- Oops!Something went wrong.Please try again later.
- Oops!Something went wrong.Please try again later.
CALGARY — When Canada takes to the pitch in Qatar in November to play its first World Cup game since 1986, it will be a proud moment for longtime men’s national team member Dwayne de Rosario.
After all, he knows how the sport has grown in this country, and how diverse it has become.
“My sole goal as a young child was to help Canada make a World Cup,” said Rosario, who headlines the group of 2022 inductees into Canada’s Sports Hall of Fame, along with hockey star Hayley Wickenheiser and broadcasting legend, Brian Williams.
“To see us in the World Cup now, yes, I'm not physically a part of it, but it's still a dream come true. I'm still a fan and I still feel very much a part of the growth and the movement of Canada right now.”
Of West Indian descent, de Rosario grew up in a rough area of Scarborough in Toronto's east end, back when soccer was considered a white-dominated sport. Barriers as a youth translated to racial discrimination as an adult, which he had to overcome while playing professionally in Germany.
“My father was my biggest supporter, he always told me to never give up, regardless of what the situation is, or what obstacles or hurdles you have to overcome," said de Rosario, who ranks ninth on the MLS all-time goal scoring list. "If you believe in this, you go after it."
The diverse make-up of Canada’s national team about to take to the world’s stage speaks volumes about how much has changed.
“It's beautiful, it's refreshing, it's nice to see,” de Rosario said. “We grew up in a very different time, but it's nice to see that time has now passed. Now there's a clear pathway for kids. It's tangible, it's reachable, it's achievable. To look and see what our national team is doing, sky's the limit. “
Joining DeRosario is Wickenheiser, a six-time Olympian and four time gold medallist, whose unprecedented achievements have helped usher in exponential growth for women’s ice hockey in Canada.
Rounding out the list of athletes in the 2002 class announced Thursday was three-time canoe-kayak sprint Olympian and gold medallist Adam van Koeverden, longtime lacrosse star John Tavares, and Paralympic swimmer Tim McIsaac.
“The sport of kayaking gave me something to do every day, kept me out of trouble when I was young, and it also created an awesome platform and career,” said van Koeverden, who grew up in North Oakville, Ontario.
McIsaac, born in Winnipeg, has been blind since birth. He’s seen as a pioneer who revolutionized para swimming by becoming the first swimmer to execute a tumble turn, which was made possible by a system developed along with his coaches, who created a foam-tipped rod and used it to tap him on the head as he nears the wall, so he knew when to turn.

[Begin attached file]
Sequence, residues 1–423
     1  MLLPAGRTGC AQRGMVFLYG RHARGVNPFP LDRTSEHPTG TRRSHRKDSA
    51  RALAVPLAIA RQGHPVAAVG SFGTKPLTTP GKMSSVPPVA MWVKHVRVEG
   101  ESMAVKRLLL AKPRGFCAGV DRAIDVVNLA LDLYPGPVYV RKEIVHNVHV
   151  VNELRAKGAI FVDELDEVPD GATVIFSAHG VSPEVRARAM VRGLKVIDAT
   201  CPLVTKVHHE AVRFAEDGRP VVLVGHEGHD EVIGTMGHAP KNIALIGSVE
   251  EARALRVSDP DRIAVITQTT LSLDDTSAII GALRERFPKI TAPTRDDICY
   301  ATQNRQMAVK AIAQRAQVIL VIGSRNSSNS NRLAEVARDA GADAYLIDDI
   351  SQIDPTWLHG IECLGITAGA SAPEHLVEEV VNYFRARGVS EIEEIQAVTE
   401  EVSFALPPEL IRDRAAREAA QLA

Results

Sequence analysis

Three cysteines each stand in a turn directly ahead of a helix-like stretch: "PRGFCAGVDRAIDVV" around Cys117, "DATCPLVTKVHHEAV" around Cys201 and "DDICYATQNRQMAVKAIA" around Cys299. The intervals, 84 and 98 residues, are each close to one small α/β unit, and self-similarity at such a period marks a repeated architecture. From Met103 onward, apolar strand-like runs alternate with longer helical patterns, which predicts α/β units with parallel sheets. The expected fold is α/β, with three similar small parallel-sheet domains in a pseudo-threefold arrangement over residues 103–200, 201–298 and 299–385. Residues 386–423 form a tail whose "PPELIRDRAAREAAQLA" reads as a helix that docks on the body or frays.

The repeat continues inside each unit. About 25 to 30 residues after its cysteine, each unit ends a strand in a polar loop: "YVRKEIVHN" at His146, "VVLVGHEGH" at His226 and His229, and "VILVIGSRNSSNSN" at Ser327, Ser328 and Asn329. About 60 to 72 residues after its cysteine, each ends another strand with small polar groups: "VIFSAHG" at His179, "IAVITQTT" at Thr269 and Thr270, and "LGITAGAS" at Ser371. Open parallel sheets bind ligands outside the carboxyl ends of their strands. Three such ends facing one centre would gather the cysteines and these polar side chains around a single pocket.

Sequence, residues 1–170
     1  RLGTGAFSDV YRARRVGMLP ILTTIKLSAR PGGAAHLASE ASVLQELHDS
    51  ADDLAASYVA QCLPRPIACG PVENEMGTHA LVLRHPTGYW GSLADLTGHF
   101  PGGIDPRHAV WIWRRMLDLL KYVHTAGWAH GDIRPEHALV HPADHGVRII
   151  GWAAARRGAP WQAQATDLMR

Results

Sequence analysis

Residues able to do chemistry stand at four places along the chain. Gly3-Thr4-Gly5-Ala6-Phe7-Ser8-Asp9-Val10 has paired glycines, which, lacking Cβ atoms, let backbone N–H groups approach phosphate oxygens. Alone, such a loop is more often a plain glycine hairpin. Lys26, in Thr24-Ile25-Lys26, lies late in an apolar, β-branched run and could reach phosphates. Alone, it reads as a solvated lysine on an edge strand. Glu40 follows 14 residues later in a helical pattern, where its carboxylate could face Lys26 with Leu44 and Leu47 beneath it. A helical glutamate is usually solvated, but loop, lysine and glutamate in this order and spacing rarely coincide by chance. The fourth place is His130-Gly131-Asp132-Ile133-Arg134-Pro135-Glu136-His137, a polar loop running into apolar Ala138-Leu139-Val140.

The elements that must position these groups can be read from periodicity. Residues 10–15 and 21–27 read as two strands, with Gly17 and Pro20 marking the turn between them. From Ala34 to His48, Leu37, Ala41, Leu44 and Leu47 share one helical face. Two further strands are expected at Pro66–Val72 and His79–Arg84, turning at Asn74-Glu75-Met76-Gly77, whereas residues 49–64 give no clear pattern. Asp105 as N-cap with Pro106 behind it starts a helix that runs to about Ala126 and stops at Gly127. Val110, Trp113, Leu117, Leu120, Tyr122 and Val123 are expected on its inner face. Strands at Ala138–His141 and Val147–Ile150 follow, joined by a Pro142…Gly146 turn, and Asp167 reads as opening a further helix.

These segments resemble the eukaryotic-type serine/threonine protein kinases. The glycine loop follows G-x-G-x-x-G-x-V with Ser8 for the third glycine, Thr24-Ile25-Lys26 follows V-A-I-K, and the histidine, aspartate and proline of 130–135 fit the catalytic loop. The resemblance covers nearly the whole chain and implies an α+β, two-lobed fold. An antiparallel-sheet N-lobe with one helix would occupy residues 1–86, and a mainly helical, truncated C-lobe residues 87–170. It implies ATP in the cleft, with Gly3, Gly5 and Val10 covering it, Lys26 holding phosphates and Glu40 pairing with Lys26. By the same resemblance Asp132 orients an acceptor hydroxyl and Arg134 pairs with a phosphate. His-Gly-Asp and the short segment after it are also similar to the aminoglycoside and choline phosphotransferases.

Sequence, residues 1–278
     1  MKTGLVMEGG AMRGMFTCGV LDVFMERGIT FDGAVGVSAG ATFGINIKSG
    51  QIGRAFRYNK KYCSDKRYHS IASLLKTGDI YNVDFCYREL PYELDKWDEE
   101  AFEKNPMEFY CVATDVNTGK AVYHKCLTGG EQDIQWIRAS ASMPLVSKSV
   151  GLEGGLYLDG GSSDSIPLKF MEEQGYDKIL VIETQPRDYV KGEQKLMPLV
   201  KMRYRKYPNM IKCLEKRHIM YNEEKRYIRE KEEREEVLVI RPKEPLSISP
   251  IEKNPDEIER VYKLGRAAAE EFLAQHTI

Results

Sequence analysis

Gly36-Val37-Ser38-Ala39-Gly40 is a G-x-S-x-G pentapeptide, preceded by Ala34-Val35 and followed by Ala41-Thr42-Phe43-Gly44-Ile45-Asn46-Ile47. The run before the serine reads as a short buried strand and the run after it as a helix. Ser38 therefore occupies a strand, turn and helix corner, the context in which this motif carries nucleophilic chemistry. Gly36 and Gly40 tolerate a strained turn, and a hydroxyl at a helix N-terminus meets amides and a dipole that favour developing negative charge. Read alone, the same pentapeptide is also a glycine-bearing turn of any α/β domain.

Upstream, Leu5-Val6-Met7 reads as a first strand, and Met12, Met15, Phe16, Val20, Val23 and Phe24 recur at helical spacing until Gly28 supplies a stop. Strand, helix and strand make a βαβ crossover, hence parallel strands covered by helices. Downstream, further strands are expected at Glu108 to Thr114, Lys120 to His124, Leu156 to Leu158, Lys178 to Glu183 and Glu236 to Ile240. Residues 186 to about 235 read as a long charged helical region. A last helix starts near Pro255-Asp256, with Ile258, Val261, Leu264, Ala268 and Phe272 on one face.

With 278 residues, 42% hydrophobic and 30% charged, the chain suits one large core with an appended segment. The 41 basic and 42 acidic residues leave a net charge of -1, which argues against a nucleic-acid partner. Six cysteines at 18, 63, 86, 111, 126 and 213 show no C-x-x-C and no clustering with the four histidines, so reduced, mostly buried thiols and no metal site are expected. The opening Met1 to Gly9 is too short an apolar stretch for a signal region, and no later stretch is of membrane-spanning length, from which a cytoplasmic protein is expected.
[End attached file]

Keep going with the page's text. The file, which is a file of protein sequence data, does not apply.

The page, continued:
That system is now compulsory in competition.
“I never thought this day would ever come,” said McIsaac. “It's wonderful that Canada's Sports Hall of Fame is trying to set such a fine example around diversity and inclusion that other organizations could learn a lot from.”
Joining Williams in the builder category was the late Edward Lennie, known as the “Father of the Northern Games”, and Olympic leader Tricia Smith.
Lennie, a respected Inuivialuit Elder, passed away in 2020 at age 86.
“He'd probably say, ‘Finally’. That was his whole dream that it would go this far,” said his son, Hans Lennie, who was at Thursday’s ceremony.
A milestone achievement in his fight to promote traditional arctic sports came when they were showcased for international audiences during the 2010 Winter Olympics in Vancouver.
“When that happened, he sat back and said, ‘Wow. Finally. We did it’,” said Hans. “That was a big weight off his shoulders. Finally it's being recognized.”
Two teams were honoured in the new Trail Blazer category — the Preston Rivulettes women’s ice hockey team and the Chatham Coloured All-Stars baseball team.
“It was our selection committee that came up with the idea because they just talked about these teams that have really laid the groundwork for all these athletes we induct into the Hall of Fame and how do we recognize them?” said Cheryl Bernard, President and CEO of Canada’s Sports Hall of Fame.
The Rivulettes, from the town of Preston, Ont., dominated women’s hockey during the 1930s with 10 provincial titles and four national titles.
Formed in 1932, fifteen years before Jackie Robinson broke the colour barrier in Major League Baseball, the Chatham Coloured All-Stars team were together for seven seasons, barnstorming around southern Ontario and challenging perceptions of what black athletes could accomplish.
Diversity and inclusion was an underlying theme to the 2022 class and for Williams, veteran of covering the sports landscape in Canada, he says it’s about time.
“This class represents how this country is finally, finally bringing diversity into all facets of life,” said Williams, whose 50-year in broadcasting included covering 14 Olympics. “I'm honoured to meet the ones I didn't get to know, and Olympians like Hayley Wickenheiser and Adam van Koeverden, I covered them when they competed, it's just a real honour for me to be included in this very special group of people.”
The class of 2022 will receive the Order of Sport and be formally inducted into Canada’s Sports Hall of Fame on Oct. 6 in Toronto.
This report by The Canadian Press was first published May 12, 2022.
Darren Haynes, The Canadian Press